Scientists were especially surprised by the breadth of the spectrum of wavelengths of radiation that affect the hairs on the body of the ant Cataglyphis bombycinus. Despite the simple structure of the bristles, their cooling effect is truly admirable. If the ant did not have its silver hair, its body temperature would rise by 5 to 10 °C. And that would have fatal consequences for him during most stays outside the anthill.
A team of scientists from the American Columbia University and the Swiss Universität Zürich is now trying to imitate the body surface of Saharan ants with different materials. They place a lot of hope in the so-called metasurfaces. These are formed by differently arranged structures of nanometer dimensions, which allow changing the properties of the surface also concerning the amount of reflected and radiated heat.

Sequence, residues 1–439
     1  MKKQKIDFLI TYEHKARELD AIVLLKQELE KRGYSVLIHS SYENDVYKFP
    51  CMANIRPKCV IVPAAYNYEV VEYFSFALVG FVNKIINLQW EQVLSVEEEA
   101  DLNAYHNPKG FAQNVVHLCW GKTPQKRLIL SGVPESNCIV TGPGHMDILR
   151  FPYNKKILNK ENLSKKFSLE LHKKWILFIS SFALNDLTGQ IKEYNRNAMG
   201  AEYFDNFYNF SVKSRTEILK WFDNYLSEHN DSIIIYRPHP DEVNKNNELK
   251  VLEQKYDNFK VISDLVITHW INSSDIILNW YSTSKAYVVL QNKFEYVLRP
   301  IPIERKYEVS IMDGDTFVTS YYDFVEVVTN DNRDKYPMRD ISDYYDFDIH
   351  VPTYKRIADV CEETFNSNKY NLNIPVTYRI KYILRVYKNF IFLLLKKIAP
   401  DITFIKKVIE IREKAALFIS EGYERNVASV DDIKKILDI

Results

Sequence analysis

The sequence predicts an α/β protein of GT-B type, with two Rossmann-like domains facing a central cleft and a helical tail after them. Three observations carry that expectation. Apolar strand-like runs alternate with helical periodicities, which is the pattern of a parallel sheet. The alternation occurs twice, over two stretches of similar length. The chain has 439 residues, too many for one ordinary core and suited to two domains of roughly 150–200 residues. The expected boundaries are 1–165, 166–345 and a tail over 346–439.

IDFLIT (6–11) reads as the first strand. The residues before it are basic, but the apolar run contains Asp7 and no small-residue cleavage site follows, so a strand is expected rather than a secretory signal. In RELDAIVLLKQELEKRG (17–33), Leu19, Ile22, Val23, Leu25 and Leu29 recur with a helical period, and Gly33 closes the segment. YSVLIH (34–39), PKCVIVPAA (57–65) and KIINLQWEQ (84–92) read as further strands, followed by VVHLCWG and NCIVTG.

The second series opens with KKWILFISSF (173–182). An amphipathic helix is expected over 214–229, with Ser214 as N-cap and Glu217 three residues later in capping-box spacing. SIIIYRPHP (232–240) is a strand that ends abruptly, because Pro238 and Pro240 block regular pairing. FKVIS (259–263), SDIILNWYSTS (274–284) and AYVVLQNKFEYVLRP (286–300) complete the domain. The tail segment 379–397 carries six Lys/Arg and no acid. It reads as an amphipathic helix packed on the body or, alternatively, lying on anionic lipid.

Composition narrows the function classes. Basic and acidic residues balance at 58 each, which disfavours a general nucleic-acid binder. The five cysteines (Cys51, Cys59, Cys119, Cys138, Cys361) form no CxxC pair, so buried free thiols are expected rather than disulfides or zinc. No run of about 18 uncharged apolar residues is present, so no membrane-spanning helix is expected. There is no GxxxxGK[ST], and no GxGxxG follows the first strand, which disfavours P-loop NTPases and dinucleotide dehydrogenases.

Let’s Get Inspired
The successful inspiration of silver ants Cataglyphis bombycina made the scientists hungry. They look around for other inventions of evolution. The animal kingdom offers a plethora of strategies for sensing and using electromagnetic radiation. For example, deep-sea fish inhabiting the world of eternal darkness can distinguish not only obstacles but also prey with their eyes.
Butterflies often achieve an amazing play of colors on their wings without the help of color pigments. They use the fine structure of the wing surface to create color effects. Bees and many other creatures perceive both ultraviolet and polarized light. Fireflies, in turn, have developed a perfect system of communication using flashes of light. If you would like to take advantage of the cold season to eliminate ants in your apartment, check out https://everpest.com/blogs/blog/how-to-get-rid-of-ants-in-the-kitchen to learn how easy you can get it done without any stress.